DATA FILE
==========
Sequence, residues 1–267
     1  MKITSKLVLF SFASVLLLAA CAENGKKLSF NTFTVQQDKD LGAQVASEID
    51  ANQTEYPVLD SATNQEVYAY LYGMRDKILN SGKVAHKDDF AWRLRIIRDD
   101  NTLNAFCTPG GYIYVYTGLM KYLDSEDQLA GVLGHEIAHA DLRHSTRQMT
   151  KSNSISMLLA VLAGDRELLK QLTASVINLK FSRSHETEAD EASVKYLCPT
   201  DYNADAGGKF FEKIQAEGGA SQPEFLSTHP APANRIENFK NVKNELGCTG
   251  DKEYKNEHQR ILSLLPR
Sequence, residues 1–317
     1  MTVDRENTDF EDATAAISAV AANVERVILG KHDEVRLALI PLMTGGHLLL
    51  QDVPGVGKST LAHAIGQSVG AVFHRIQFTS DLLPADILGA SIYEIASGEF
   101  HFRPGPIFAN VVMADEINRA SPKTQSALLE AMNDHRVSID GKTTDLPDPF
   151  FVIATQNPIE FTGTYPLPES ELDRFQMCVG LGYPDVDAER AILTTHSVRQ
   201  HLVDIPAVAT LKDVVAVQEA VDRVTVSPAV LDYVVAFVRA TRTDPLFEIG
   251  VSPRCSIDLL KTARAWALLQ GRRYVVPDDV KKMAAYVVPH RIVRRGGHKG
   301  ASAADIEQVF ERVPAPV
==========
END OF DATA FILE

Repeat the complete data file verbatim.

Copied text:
Sequence, residues 1–267
     1  MKITSKLVLF SFASVLLLAA CAENGKKLSF NTFTVQQDKD LGAQVASEID
    51  ANQTEYPVLD SATNQEVYAY LYGMRDKILN SGKVAHKDDF AWRLRIIRDD
   101  NTLNAFCTPG GYIYVYTGLM KYLDSEDQLA GVLGHEIAHA DLRHSTRQMT
   151  KSNSISMLLA VLAGDRELLK QLTASVINLK FSRSHETEAD EASVKYLCPT
   201  DYNADAGGKF FEKIQAEGGA SQPEFLSTHP APANRIENFK NVKNELGCTG
   251  DKEYKNEHQR ILSLLPR
Sequence, residues 1–317
     1  MTVDRENTDF EDATAAISAV AANVERVILG KHDEVRLALI PLMTGGHLLL
    51  QDVPGVGKST LAHAIGQSVG AVFHRIQFTS DLLPADILGA SIYEIASGEF
   101  HFRPGPIFAN VVMADEINRA SPKTQSALLE AMNDHRVSID GKTTDLPDPF
   151  FVIATQNPIE FTGTYPLPES ELDRFQMCVG LGYPDVDAER AILTTHSVRQ
   201  HLVDIPAVAT LKDVVAVQEA VDRVTVSPAV LDYVVAFVRA TRTDPLFEIG
   251  VSPRCSIDLL KTARAWALLQ GRRYVVPDDV KKMAAYVVPH RIVRRGGHKG
   301  ASAADIEQVF ERVPAPV